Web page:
Even with low interest rates on financing, not all renovations are good deals for homeowners looking to up the market value of their houses ahead of a sale.
Digging to put a swimming pool in the backyard, installing a heat pump, upping the insulation while re-siding exterior walls or getting more energy-efficient windows and doors are all things that probably make a house a lot more enjoyable and comfortable for the people who live there but tend to do little for resale value, say appraisers.
The same thing applies to beautiful cedar fences, elaborate landscaping, extensions to the house, including sunrooms and decks, and finished basements.
“It’s not going to be a dollar-for-dollar thing,” said Tony Woolridge, owner of Appraisal Services in St. John’s, N.L. “You enjoy them, and they give you that value but in terms of the marketplace they may not have that return.”
Costly structural repairs to foundations, electrical wiring, plumbing and the roof, including the replacement of all the shingles, typically do not add much to a home’s resale value either.
However, keeping these things in good condition can prevent a house’s value from plummeting, so they still have to be done even if only to keep the resale value from falling.
The biggest bang for the renovation buck for homeowners looking to sell a property has traditionally been work done to modernize and spruce up kitchens and bathrooms, said Woolridge.
Think bathtubs, bathroom fixtures, toilets, and vanities and kitchen cabinets.
“If I’m walking into a 30-year-old home that has functional but dated cabinetry and I replace that, that’s going to be where I’m going to get my biggest return,” said Woolridge.
Even those renovations, though, have to be tempered by common sense since an extremely lavish kitchen and bathroom in an otherwise modest home can look, well, just out of place.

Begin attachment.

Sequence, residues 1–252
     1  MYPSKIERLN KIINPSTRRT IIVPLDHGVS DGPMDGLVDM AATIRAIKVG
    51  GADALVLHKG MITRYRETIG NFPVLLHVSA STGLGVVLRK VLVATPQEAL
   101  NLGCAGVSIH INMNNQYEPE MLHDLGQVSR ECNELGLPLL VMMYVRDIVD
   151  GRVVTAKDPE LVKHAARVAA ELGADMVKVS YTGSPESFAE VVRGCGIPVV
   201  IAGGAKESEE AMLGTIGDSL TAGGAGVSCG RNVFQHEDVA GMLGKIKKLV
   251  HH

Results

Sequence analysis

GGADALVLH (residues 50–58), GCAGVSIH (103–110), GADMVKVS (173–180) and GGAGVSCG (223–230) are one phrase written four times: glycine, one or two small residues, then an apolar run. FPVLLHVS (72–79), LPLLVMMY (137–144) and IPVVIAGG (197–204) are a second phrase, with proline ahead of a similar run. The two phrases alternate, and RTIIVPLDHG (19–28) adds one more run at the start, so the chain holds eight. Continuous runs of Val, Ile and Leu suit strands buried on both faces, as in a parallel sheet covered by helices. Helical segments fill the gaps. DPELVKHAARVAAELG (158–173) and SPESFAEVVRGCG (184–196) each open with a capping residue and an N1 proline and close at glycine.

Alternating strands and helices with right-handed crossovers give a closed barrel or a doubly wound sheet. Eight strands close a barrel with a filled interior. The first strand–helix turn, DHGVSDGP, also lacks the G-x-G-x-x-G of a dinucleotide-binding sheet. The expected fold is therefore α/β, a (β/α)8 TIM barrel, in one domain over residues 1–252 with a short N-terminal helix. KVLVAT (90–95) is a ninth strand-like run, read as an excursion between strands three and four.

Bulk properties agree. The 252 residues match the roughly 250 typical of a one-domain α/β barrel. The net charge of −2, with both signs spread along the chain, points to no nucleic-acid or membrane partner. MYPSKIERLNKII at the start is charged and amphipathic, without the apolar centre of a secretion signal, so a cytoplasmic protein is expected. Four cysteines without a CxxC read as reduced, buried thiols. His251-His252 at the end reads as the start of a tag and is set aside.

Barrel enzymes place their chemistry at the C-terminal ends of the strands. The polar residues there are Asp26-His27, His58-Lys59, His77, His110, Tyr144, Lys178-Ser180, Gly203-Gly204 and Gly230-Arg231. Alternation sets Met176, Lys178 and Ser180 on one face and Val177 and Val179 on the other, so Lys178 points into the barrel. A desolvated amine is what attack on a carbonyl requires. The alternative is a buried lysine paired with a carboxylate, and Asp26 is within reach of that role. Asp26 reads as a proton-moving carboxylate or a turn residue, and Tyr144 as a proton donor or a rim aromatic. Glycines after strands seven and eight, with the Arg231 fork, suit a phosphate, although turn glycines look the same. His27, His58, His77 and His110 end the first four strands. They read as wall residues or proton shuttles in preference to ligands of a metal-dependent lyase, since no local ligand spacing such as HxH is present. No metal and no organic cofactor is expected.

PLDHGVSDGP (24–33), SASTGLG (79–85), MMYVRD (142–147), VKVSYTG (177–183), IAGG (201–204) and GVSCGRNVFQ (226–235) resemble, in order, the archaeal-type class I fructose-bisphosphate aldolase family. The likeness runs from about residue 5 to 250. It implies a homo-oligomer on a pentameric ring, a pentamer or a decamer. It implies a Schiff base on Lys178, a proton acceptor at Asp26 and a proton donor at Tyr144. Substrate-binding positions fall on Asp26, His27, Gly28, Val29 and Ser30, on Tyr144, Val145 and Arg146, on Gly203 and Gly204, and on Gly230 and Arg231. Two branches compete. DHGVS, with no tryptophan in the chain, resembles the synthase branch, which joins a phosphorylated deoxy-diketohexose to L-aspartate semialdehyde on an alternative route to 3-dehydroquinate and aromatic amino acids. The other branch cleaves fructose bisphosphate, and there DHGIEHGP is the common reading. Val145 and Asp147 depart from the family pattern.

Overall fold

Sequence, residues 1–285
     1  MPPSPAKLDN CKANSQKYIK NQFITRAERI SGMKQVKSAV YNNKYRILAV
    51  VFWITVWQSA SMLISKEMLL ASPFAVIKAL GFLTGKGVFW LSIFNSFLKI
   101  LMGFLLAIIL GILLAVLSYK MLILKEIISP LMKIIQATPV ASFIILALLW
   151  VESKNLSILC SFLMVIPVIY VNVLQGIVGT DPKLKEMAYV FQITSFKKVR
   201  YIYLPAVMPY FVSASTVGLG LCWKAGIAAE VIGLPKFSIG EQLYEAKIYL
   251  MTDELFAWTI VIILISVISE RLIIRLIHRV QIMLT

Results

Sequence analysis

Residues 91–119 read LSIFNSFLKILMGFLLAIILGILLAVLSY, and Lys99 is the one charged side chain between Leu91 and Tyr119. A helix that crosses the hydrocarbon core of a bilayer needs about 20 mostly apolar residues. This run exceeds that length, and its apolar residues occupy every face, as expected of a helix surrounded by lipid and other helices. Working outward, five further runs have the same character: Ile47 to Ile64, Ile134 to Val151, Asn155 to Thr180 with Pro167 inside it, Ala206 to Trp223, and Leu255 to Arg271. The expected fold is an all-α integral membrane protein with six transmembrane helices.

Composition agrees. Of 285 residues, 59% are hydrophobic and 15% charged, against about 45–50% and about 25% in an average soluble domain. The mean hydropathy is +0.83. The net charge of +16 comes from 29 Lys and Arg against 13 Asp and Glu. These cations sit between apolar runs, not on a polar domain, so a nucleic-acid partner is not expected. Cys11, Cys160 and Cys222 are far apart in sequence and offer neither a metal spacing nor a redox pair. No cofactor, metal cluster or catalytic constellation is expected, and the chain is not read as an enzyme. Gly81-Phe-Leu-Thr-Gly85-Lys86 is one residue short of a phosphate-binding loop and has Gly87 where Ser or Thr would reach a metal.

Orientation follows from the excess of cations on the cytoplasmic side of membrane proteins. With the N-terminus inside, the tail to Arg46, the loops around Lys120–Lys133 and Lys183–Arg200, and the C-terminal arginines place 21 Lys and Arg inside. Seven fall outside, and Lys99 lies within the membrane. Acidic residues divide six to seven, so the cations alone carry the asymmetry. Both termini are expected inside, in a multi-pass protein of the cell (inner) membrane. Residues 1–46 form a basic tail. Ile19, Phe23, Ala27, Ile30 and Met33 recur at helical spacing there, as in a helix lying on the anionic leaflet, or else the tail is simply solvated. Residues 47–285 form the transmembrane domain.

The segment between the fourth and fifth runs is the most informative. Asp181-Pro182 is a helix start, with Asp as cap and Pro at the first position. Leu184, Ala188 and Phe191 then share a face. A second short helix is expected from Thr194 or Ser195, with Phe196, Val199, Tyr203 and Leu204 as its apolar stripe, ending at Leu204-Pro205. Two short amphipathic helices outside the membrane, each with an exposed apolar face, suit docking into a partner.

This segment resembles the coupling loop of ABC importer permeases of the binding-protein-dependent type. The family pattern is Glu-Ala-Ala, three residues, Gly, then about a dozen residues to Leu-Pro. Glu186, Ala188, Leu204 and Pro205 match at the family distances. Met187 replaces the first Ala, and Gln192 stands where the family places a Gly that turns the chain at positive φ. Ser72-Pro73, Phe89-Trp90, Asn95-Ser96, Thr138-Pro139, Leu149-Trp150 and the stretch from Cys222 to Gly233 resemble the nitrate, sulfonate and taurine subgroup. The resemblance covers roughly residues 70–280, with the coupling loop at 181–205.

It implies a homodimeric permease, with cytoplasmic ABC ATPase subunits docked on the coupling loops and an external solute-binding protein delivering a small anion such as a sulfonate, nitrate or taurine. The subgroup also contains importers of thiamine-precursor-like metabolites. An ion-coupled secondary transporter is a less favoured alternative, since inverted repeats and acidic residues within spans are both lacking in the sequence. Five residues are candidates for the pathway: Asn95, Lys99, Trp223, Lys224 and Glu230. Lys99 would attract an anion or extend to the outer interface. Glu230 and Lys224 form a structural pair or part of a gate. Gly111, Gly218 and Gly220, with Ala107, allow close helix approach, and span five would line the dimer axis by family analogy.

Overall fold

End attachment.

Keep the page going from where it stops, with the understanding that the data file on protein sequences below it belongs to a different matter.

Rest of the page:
“You don’t want to over-improve,” said Woolridge. “You want to stay consistent with the values in the neighbourhood. You’re not going to put in a $40,000 kitchen in a $300,000 property.”
When renovating with an eye to resale value, it can also be a good idea to stick with styles that have broad market appeal and avoid the temptation to deck the place out with a funky new style or retro look just because it has been featured in a magazine.
“If you’re going to renovate your kitchen really retro, then that’s a pretty specialized renovation and you have to find someone who likes that,” said Woolridge.
His advice? Skip the fancy interior designers and just talk to people at the hardware store.
“You only have to go as far as your flooring supplier and paint store to find out what the latest materials are,” he said.
Whatever style and materials a homeowner chooses for a renovation, Woolridge also suggests they finish what they start since a half-baked reno is almost never a good look for a house on the market.
“If you’re selling a house and the renovations are not complete, it raises all kinds of red flags,” he said. “You’ll lose – and better than dollar for dollar.”
Renovating Atlantic Canadians are in it for the long haul
Atlantic Canadians are more likely to renovate their homes than other Canadians but spend a lot less money in any given year when they do – and then, only for a little bit of work at a time.
Julie Charest, an analyst with Statistics Canada, says while some homeowners do plunk down big bucks to remake entire kitchens or bathrooms in one shot, many choose to spend less per year and spread the work out over several years.
“In the Atlantic provinces, half of the households reporting a renovation expense for their ... principal residence reported costs of less than $2,500,” she said. “This could indicate that some households complete … only part of a renovation project in a given 12-month period.”
Throughout the country, slightly more than a third of Canadian households renovated their homes in 2016, the latest year for which figures are available. By contrast, 41.7 per cent of Atlantic Canadian households coughed up coin for renovations that year.
But homeowners in Nova Scotia, Prince Edward Island, Newfoundland and Labrador and New Brunswick spent a lot less on average that year than other Canadians when it came to getting that work done. The average cost of renovations across the country was almost $8,200 in 2016. In Atlantic Canada, the comparable figure was roughly 24 per cent lower at slightly more than $6,200.
New Brunswickers spent the least of all Canadians to upgrade their homes that year, with an average expense of just under $5,100 per household undertaking renovations. Ontarians spent the most, with an average expense of almost $9,400.
Among those households that undertook renovations in 2016, Nova Scotians spent an average of slightly more than $7,000 and Islanders plunked down an average of just over $6,300. In Newfoundland and Labrador, where almost every second home saw some type of renovation in 2016, the average expense was $6,200.